In my final semester of college I interned with IBM as a product designer. I worked on a cool project among others, exploring how their AI service Watson could be used to improve certain experiences in the service industry. I explored how a customer could comprehend and interact with the tech through a conversational chat interface.
How did you get your first break?
Campus placements were a really great opportunity that I took advantage of during my undergrad. I sat for as many interviews as possible, even just for the experience and to gain more confidence. I already had a student portfolio at the time with a couple of Product design projects and I took up the internship at IBM through this.
I got my first job at Microsoft once I finished my post graduation. I reached out to friends from my college network and applied through Linkedin. They had quite a streamlined application process with 3 interview rounds.
What were some of the challenges you faced? How did you address them?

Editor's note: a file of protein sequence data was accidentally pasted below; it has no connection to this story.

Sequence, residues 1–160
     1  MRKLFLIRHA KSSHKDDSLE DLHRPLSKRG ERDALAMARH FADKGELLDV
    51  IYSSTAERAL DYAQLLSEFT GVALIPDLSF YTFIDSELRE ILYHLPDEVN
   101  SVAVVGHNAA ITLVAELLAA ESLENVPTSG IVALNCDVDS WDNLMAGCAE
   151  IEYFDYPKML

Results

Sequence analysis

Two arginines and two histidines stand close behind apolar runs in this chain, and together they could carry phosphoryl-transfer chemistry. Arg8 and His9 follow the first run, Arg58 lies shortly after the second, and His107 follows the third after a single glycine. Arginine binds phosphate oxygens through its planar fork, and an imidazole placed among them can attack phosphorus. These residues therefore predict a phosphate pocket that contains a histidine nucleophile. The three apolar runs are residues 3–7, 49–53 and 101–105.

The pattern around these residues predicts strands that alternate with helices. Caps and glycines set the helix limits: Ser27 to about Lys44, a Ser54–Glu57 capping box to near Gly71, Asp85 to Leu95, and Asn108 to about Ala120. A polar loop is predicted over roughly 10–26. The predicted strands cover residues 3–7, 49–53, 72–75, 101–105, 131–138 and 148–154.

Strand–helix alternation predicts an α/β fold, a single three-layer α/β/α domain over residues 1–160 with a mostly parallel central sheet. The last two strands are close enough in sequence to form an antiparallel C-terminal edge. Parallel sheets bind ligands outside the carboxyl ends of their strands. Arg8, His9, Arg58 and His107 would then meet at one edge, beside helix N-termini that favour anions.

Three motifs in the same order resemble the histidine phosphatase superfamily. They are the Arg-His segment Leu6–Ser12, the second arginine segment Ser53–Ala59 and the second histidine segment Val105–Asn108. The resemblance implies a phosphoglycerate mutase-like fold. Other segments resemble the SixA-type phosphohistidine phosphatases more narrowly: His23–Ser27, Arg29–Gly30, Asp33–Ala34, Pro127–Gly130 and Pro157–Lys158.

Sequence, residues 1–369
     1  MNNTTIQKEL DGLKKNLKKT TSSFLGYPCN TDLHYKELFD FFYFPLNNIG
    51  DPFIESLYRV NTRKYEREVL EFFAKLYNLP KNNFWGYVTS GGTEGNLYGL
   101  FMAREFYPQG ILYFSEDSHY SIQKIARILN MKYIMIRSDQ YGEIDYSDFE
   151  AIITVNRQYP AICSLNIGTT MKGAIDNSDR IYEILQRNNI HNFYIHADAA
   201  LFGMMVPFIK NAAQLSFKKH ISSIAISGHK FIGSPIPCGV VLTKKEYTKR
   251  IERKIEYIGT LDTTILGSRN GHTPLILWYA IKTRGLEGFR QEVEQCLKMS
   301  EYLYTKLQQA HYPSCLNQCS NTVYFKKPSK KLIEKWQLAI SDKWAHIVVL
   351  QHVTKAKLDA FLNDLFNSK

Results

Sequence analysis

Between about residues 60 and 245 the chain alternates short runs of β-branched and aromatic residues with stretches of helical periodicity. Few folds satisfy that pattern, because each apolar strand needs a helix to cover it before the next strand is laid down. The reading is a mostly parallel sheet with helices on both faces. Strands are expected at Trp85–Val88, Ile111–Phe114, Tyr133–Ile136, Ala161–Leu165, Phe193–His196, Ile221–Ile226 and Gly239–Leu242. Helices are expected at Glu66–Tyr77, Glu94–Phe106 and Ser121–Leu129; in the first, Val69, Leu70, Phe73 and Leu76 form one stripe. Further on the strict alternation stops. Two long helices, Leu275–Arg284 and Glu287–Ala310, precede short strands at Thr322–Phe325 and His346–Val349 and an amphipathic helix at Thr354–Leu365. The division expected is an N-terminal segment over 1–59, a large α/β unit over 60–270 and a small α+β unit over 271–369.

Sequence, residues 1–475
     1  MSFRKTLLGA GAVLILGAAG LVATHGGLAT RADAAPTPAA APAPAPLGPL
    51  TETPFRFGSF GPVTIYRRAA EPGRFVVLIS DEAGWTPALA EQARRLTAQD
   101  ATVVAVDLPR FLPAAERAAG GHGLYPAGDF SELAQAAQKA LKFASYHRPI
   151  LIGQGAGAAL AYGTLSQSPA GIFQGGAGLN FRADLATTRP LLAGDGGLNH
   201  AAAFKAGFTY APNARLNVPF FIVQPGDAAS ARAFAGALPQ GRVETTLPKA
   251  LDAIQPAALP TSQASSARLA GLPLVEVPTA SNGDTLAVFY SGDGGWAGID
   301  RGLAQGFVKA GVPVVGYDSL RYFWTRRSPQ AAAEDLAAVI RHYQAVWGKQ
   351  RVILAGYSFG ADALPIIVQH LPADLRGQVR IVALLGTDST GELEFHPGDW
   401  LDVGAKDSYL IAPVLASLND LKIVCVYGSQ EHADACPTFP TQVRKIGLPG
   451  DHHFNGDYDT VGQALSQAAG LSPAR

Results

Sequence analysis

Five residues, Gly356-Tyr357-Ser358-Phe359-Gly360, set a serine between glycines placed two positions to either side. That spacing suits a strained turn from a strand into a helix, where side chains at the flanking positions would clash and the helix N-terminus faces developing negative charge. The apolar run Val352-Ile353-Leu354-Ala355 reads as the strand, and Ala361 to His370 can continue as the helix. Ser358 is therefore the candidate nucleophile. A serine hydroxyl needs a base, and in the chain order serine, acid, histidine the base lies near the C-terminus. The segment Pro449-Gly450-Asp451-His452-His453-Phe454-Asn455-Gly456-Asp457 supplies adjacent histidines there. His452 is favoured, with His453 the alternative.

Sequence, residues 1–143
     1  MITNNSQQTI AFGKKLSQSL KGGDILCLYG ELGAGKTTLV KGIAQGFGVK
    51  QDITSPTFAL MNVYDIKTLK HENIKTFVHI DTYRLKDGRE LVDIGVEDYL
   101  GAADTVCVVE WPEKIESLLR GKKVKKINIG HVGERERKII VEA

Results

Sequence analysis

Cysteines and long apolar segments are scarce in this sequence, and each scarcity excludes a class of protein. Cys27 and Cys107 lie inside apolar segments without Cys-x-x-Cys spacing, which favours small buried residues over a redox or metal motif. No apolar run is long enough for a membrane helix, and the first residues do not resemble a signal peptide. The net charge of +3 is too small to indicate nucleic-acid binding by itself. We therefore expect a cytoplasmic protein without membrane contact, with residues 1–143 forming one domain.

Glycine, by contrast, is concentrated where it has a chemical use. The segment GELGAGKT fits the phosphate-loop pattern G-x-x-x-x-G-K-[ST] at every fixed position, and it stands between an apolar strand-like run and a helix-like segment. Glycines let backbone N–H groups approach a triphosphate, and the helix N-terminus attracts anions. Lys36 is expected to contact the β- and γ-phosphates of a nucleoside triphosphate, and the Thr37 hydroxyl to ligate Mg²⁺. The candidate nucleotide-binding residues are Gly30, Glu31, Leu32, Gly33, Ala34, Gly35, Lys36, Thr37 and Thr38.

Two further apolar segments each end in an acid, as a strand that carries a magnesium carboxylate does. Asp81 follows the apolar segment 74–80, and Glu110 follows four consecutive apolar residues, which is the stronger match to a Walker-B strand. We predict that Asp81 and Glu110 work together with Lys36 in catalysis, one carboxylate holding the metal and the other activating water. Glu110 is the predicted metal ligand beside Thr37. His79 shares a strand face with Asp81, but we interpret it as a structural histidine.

Challenge 1: This is an industry that is incredibly fast paced. In my first year of college, product design referred to designing tangible products. Today we are called product designers because digital products and apps have taken precedence. It requires the same skill set if not a more mature one and deals with more complexity. We always need to stay up to date with the latest software and skill sets. Nonetheless, I also like this aspect of the job – it keeps me on my feet, and I get to refine my career as and when the industry evolves.
Challenge 2: Getting pigeon-holed into one type of specialisation sometimes feels limiting, and yet is a requirement to remain employable. Today there are newer niche job profiles like ‘Creative Technologist’, which are probably a better fit for those who like to stay generalists.
Challenge 3: Design in general, is always a hard field to measure success in. Great ideas may work only in a particular context and era. Sometimes the most exciting ideas do not meet business goals and get deprioritized. A large aspect of the job is being able to successfully convince all stakeholders why your solution works.
Where do you work now? What problems do you solve?
Design thinking which forms the basis for a design education is a methodical technique to solve a problem, involving research, analysis, brainstorming and visualisation. What I have come to realise is that this kind of approach is complementary to engineering, where students also imbibe a problem-solving mindset. This was the way NID taught Design, and it’s a skill that tech companies especially value, irrespective of specific hard skills.